Since 2015, the highest workload catcher under Craig Counsell has averaged 736 innings per year (Manny Pina: 743 innings in 2018). Yasmani Grandal has been a workhorse the past two years -- 1,000+ innings behind the dish in each of his past two seasons. What do you expect his workload
Since 2015, the highest workload catcher under Craig Counsell has averaged 736 innings per year (Manny Pina: 743 innings in 2018). Yasmani Grandal has been a workhorse the past two years -- 1,000+ innings behind the dish in each of his past two seasons. What do you expect his workload to look like in 2019?
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I would expect the switch-hitting, 30-year-old Grandal to play virtually every day, and would attribute the shared innings under Counsell more to circumstances than to a philosophy about the position. In 2015, when Counsell took over as manager, Jonathan Lucroy missed significant time with a fractured toe on his left foot. In '16, Lucroy was traded (twice, if you remember). That offseason, Martin Maldonado was traded, too, in return for Jett Bandy, who was unable to secure the job during a '17 season in which Stephen Vogt was brought in to platoon with Pina. Then Vogt got hurt last spring, Bandy was designated for assignment in May and Erik Kratz was brought in to split time with Pina.
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Had there been a Grandal-caliber catcher at Counsell's disposal for the duration of any one of those seasons, he probably would have played regularly. Grandal represents a significant upgrade at the position, as we wrote when news of his one-year deal broke.
To be determined. We have heard some rumblings about trade interest in Pina, and that obviously becomes more doable with Grandal in the fold. But it's also quite possible that the Brewers go to Spring Training with all four of these catchers and push the decision to a later date. Jacob Nottingham still has options, and while Pina's $1.6 million salary is guaranteed, all but $300,000 of Kratz's contract is non-guaranteed. Keeping all of them would provide insurance in the event someone, I don't know, steps on a cactus.
Interesting idea. It can't hurt, although I would give Clayton Kershaw, Rich Hill, Kenley Jansen & Co. some credit for those pitching numbers as well. Where Grandal excels is pitch framing, as my colleague David Adler wrote in November. If you're interested in a deep dive into that topic, I highly suggest giving that story a look.
I departed the prediction business the year I predicted on Opening Day that Matt Garza would throw a no-hitter for the Brewers, and instead he was sent home before the end of the season. But assuming Grandal stays healthy, I would take the over on his 24 home runs last season with the Dodgers. Think about some of the left-handed hitters with pop who have been acquired by general manager David Stearns in recent years: Travis Shaw, Eric Thames, Christian Yelich. All topped 30 homers while playing home games at Miller Park.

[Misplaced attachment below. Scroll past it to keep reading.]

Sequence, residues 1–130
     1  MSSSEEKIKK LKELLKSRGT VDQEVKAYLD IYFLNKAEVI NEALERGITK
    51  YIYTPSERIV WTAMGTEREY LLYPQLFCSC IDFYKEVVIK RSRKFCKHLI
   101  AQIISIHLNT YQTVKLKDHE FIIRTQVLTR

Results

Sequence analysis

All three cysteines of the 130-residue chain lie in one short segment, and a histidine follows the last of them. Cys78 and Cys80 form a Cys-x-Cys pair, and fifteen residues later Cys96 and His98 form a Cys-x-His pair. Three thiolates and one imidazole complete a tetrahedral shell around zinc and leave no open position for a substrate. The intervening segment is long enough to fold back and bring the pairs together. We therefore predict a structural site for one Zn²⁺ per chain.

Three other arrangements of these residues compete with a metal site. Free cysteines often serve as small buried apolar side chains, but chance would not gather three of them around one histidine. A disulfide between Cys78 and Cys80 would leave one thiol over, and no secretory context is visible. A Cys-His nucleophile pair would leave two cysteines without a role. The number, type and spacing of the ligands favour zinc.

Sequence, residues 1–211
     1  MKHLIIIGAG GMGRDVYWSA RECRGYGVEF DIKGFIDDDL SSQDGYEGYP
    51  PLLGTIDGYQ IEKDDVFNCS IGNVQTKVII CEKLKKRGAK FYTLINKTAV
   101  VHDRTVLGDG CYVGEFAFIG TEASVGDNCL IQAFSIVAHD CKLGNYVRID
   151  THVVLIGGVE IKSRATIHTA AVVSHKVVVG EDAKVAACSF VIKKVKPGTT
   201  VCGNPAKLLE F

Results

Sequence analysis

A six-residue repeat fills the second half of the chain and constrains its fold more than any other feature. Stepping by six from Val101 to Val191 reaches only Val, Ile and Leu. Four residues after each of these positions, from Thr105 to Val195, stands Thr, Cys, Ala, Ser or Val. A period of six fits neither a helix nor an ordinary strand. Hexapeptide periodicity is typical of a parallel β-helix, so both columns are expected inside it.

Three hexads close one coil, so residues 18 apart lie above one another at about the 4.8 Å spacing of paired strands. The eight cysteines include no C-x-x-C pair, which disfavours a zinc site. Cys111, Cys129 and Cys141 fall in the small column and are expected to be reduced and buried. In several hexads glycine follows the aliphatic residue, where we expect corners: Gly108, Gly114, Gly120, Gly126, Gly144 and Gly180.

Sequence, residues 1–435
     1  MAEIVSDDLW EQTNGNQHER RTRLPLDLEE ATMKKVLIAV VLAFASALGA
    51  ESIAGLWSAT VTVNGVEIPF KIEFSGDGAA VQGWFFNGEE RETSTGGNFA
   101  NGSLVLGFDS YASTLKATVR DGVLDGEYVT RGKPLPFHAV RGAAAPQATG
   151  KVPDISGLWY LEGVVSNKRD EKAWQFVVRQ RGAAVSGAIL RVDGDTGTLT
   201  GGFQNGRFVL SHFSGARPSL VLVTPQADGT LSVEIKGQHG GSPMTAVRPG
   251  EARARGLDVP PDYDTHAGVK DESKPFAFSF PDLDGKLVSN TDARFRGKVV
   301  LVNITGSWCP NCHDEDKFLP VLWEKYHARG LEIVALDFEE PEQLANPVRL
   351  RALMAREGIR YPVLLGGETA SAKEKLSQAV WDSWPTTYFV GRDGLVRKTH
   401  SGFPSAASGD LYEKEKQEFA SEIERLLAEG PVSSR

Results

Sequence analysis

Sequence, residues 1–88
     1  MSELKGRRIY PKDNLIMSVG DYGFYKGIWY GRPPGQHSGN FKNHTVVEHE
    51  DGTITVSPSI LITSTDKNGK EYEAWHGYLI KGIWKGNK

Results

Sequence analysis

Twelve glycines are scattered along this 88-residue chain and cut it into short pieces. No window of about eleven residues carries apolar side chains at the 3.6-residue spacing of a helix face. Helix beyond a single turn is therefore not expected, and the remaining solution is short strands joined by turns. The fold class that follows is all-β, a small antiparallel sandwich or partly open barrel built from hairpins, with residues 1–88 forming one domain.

It's so hard to guess from the outside. All I can say is that MLB.com's Jon Paul Morosi reported the initial talks had San Francisco asking for one of Brandon Woodruff, Corbin Burnes or Freddy Peralta to be involved. Color me skeptical that the Brewers would trade five or six years of control of one of those three MLB-caliber pitchers for one year of Bumgarner. Perhaps I'll be proven wrong.
As for Joe Panik, he could certainly fit at second base for the Brewers. Two years of control. Bounce-back candidate. And, yes, a left-handed hitter. One potential snag: High on the Giants' wish list is an outfielder, and the Brewers already traded away Domingo Santana and Keon Broxton.
Unfortunately for Brett and many other readers who were on the Jed Lowrie train, he agreed to terms Thursday afternoon with the Mets. The terms, per our Mark Feinsand: Two years, $20 million. And that was the rub all along; he's not exactly a stopgap. With Keston Hiura and Mauricio Dubon coming, and the likes of Shaw controllable for three more years, it seems more likely that the Brewers wait out a one-year deal with another player left on the market. We looked into that a bit on Thursday.
Yes. But playing everywhere comes at a cost in today's game, both in terms of dollars and, just as significantly, years. I'm not so sure the Brewers would be willing to make a long-term commitment to Marwin Gonzalez, a Scott Boras client.
On to some quality bonus content:
"From my perspective, I think just having this facility, how proud we are to be able to host Hall of Fame entertainers like Billy in a baseball stadium, in a great venue. Singing with your friends, with 40,000 other friends, is really an incredible experience.
"One of my first cassettes, which is going to state my age -- and I probably bought it because I loved the artwork on '52nd Street,' the album. When I was asked to do this, the first thing I thought about was 52nd Street and 'Big Shot,' 'My Life,' 'Honesty,' 'Rosalinda's Eyes.' It was just a great album and I still remember it. I've actually been listening to it the last couple of days because of this. Billy's got such a great songbook, and I'm sure will put on a tremendous show.
"And I also think of Billy as playing baseball stadiums. Especially New York: Yankee Stadium and Shea Stadium. To bring him to Miller Park is a true thrill for all of us."
A true thrill, indeed. Counsell won two World Series rings, but that minute and a half on Billy Joel might be his most masterful performance yet.
Adam McCalvy has covered the Brewers for MLB.com since 2001. Follow him on Twitter @AdamMcCalvy and like him on Facebook.